A note about L'Ardoise: L'Ardoise is around the corner from me, and I like it very much. But L'Ardoise is not a special occasion place. It's good, solid, French (Bistro?) food. That's where I go for pate followed by duck confit. Or for their very excellent filelt mignon. But for a special occasion I'd go with La Folie.

            5 Replies
            1. re: pauliface
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              vulber RE: pauliface May 1, 2013 03:25 PM

              i was answering robert's question about traditional french. it's comparable to jeanty

              1. re: pauliface
                Halcyonwing RE: pauliface May 1, 2013 05:09 PM

                Thank you all.

                I will be making a reservation at La Folie, my gratitude for all the helpful comments. Looking forward to it!

                1. re: Halcyonwing
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                  Dustin_E RE: Halcyonwing May 2, 2013 11:20 PM

                  hope you report back on how you enjoy it, and which dishes were favorites!

                  1. re: Dustin_E
                    Halcyonwing RE: Dustin_E May 25, 2013 02:32 AM

                    Happy to report that the chef was in when we went for my graduation dinner earlier (party of 7) and it was quite delicious! There was a black cod course that I hadn't read of before that was easily (to me) the best of the night :)

                    1. re: Halcyonwing
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                      Dustin_E RE: Halcyonwing May 25, 2013 10:55 AM

                      great -- glad you enjoyed it!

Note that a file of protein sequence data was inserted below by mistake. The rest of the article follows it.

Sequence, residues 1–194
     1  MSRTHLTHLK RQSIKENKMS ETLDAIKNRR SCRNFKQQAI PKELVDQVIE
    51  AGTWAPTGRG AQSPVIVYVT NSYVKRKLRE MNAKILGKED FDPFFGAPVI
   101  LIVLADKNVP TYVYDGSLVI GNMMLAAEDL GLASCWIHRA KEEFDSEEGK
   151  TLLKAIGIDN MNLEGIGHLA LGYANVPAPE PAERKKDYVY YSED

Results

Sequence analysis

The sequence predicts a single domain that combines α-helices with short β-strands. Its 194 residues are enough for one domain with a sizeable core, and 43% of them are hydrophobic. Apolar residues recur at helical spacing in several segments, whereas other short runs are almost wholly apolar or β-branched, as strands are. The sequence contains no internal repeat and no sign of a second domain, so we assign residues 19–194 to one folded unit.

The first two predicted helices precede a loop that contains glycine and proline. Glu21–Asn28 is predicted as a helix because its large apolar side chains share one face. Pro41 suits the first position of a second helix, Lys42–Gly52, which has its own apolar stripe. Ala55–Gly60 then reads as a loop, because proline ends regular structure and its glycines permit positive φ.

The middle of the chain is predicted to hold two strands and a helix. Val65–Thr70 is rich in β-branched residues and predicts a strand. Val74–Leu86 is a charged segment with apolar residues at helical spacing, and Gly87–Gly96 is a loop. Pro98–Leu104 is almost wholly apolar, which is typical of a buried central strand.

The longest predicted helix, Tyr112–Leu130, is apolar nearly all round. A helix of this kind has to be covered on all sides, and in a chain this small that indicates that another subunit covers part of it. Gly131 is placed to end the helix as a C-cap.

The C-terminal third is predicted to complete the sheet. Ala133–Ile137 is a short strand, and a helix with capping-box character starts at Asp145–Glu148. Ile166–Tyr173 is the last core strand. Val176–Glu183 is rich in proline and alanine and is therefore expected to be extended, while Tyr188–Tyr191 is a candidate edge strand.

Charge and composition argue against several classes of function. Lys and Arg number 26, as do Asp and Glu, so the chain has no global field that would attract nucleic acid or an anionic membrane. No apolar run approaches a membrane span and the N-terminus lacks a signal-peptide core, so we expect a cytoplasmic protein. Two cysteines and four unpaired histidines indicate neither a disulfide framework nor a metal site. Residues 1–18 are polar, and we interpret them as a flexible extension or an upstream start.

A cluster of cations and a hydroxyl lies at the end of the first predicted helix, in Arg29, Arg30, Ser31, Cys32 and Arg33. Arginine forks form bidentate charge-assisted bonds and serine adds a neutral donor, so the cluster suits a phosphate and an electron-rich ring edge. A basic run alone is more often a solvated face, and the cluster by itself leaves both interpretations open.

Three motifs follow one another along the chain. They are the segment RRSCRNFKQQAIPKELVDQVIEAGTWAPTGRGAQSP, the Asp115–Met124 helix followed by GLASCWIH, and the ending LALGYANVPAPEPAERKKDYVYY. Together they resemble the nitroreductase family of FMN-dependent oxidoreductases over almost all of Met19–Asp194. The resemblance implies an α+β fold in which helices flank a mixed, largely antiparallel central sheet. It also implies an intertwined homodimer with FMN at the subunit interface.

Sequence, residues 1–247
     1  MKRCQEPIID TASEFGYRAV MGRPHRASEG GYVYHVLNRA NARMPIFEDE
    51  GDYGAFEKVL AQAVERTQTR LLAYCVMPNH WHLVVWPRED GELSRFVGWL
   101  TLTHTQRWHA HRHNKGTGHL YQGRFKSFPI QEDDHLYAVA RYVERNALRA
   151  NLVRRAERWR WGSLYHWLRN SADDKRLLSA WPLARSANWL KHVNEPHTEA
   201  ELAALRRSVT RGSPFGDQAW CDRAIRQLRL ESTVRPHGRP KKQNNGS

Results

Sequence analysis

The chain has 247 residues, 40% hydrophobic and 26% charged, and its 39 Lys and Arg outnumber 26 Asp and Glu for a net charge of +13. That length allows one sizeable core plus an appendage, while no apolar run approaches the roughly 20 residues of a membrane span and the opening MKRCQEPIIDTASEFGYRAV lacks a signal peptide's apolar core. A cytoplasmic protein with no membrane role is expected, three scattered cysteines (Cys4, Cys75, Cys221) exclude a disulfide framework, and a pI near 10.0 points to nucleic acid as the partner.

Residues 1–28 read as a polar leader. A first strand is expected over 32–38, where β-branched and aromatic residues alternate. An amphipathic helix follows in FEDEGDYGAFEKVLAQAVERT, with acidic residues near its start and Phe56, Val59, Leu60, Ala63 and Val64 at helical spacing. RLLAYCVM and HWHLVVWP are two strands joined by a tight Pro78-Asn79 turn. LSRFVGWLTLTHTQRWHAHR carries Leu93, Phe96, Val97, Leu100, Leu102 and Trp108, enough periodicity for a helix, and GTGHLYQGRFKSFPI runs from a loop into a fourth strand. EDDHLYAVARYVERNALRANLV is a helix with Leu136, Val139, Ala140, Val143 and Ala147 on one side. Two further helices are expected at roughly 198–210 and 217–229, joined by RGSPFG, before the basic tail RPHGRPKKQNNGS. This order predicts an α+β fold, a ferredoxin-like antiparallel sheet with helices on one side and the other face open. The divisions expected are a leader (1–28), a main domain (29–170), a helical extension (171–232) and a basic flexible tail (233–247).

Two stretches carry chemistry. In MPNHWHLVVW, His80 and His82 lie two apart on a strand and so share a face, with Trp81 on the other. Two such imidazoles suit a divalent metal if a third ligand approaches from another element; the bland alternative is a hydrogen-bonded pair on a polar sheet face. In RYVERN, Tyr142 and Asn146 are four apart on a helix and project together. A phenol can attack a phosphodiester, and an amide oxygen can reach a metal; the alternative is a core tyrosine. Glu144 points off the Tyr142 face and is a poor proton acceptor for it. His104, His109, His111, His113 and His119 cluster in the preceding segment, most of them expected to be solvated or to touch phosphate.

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                jaiko RE: Halcyonwing May 1, 2013 03:42 PM

                I would agree with pauliface. The kitchen can be a little sloppy when Passot is not there, but Fleur de Lys is far worse in that regard. When they are "on" La Folie can be amazing. It's just a shame he can't serve foie gras any longer; I think Passot did it better (and more generously) than anyone else.

                We find the heaviest dishes are the meat entrees and the oxtail or sweetbread terrine (he changes the terrine ingredients regularly). Altho the terrine is under starters we have ordered it twice and each time it has been very rich and substantial.

                His lobster risotto is a small portion and literally, to die for. Amazing, luscious dish.

                We usually get the four course and skip dessert. The desserts are okay, but not stunning like at Aziza/SF or Etoile/Yountville.

                3 Replies
                1. re: jaiko
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                  vulber RE: jaiko May 1, 2013 03:46 PM

                  i know i probably sound like a broken record repeating this whenever possible, but the cheese souffle is not to be missed at la folie - excellent sweet/savory combination - i haven't had other desserts there

                  1. re: jaiko
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                    pauliface RE: jaiko May 1, 2013 04:16 PM

                    To be clear/fair:

                    I don't think I've ever been to La Folie when Passot was *not* there. It's part of what I like about the place; he seems very hands on, is incredibly talented, and seems more concerned with running a great restaurant than with becoming a celebrity chef.

                    But I don't know what might happen if he were to take the night off. :-)

                    And, jaiko -- while I am not a big dessert fan in general, (generally impervious to all offering but cookie plate or assortment of sorbets) I absolutely love the souffle at La Folie.

                    1. re: pauliface
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                      jaiko RE: pauliface May 1, 2013 04:25 PM

                      A lot of people do, my SIL adores that souffle (as she also got the foie gras torchon in spiced peach consomme that was the highlight of that dinner, she clearly won for Best Meal that night!). But the other desserts, altho good, just don't rock my world the way the desserts at Aziza and Etoile do.